Do you want to run advertisements? Then you better install ad Software Development Kits (SDKs) like Chartboost and AdMob.

Do you want Push Notifications? Then make sure you have integrated services like Urban Airship to manage your outgoing messages to users.

One source that I’ve been guilty in the past of always forgetting is Facebook. I always setup my apps so users can share on Facebook. BUT, I would forget to integrate tracking features for Facebook to analyze data for marketing campaigns such as buying app installs.Now that I’m more of a data geek, I’ve gotten better at this.

Here is a list of other unique integration options to think about:

  • Crashlytics – tells developers why an app crashes, how many devices it has crashed on, and even the other apps running at the time.
  • Helpshift – an in-app customer support service that improves customer service and retains users in the app.
  • LocationKit – uses GPS location up to as close as 10 meters.

Take the time and think about what you want (and may want later) in your app. Remember, if you don’t include it now, it could take weeks if not months to get it coded and approved in the app store.

9. Find A Good Developer
You’ve got your project all mapped out, now you just need someone to execute it!

Hands down, the best way to find good freelancers is through word-of-mouth. If you know someone in the business, ask for recommendations.

Another option is to check freelancing websites like Elance and Upwork. You’ll find plenty of reviews, plus you can take advantage of the built-in payment protection.

Things to look for in a good developer:

  • Reputation – Are other people happy with the work? Find feedback, reviews, and legit testimonials.
  • Communication – Communication breakdowns can ruin a project. Freelancers should be available via email, Skype, etc. It’s a good idea to hop on Skype for an introductory chat.
  • Portfolio – Has the freelancer done similar work before? This speaks to their expertise as it relates to your project.
  • Deadlines – Look for a proven track record of shipping working apps on time.

Get EVERYTHING in writing. I’m talking about every last detail. It doesn’t mean that you don’t trust the person – it’s just good business. When hiring a developer, ask for a detailed scope document and agree on a set price. The days of conducting business with a handshake are over (ask NBA star DeAndre Jordan about that). It worked for grandpa, but not these days.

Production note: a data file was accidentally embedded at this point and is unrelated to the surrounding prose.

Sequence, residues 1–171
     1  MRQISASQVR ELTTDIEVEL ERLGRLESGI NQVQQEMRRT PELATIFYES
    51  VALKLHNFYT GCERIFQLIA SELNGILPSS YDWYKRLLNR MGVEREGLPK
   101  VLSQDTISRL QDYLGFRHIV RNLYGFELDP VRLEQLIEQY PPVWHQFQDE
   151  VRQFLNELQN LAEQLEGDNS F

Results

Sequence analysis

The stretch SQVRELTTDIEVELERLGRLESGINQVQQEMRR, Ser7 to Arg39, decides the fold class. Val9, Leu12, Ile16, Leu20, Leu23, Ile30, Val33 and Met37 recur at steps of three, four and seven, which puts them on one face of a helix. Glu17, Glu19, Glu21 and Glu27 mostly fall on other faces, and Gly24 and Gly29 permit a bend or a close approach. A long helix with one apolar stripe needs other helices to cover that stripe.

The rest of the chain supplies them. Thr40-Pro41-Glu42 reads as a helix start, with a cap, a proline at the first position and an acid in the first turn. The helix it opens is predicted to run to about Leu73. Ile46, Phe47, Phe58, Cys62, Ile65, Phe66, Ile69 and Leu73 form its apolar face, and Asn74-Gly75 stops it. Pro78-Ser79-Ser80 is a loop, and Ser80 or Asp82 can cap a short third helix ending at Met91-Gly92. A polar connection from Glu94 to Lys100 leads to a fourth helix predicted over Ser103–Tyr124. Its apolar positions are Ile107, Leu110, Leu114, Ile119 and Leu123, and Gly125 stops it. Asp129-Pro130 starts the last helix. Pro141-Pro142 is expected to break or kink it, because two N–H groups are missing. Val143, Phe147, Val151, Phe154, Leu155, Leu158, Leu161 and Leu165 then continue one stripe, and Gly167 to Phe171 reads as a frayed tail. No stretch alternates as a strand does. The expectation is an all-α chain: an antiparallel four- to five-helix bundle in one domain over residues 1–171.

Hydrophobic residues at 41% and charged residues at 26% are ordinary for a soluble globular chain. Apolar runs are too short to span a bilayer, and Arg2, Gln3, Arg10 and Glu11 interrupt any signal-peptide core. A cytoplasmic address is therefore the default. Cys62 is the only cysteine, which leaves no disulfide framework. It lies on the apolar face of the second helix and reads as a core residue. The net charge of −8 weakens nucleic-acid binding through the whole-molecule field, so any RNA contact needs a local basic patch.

Don’t get burned. If you have a bad vibe and feel you’re getting taken advantage of, simply stop the project and go somewhere else. One way to protect yourself is to breakup the project into milestones.

10. Find A Good Designer
A good designer will not only make your app easy on the eyes, but hopefully improve the navigational and user experience as well.

You can find designers on the same freelance sites as developers, but also other micro services like Fiverr. Fiverr is a great inexpensive service to use for small projects.

For example:

  • You visit fiverr.com and find a designer that has a great portfolio that matches the style you’re looking for
  • You hire him/her to create an icon as a small test
  • You pay $5-$20 for the icon and the designer nails it (yes)!
  • You contact the designer outside of fiverr and ask if he or she is interested on working on other parts of your app
  • A financial agreement is negotiated and you’ve found your own personal designer – Woohoo!

It’s that easy.

You can do this with any design service too. Replace “fiverr” with Upwork, 99designs, Dribble, etc.

11. Create A Developer Account
By now you have your app idea, wireframe, and a team ready to get to work.

Nice job!

Now you need a developer account to publish your masterpiece to the market.

You will need to share your account credentials, OR give your developer access to your account. He or she will need to create signing certificates, provisioning profiles, bundle IDs, and a few other small items to get the ball rolling.

However, YOU have the ability to input icons, screenshots, descriptions, keywords, pricing, ratings, categories…on your own easily without the help of a developer.

The biggest thing you need to think about is whether to sign up as an Individual or Business.

For an individual account, all you need is some basic information (Name, address, etc) and your Social Security Number.For a business account, you will need all the basic info plus an EIN number and D-U-N-S ID (for Apple only). This is to verify that you are an actual business.

12. Create A Repository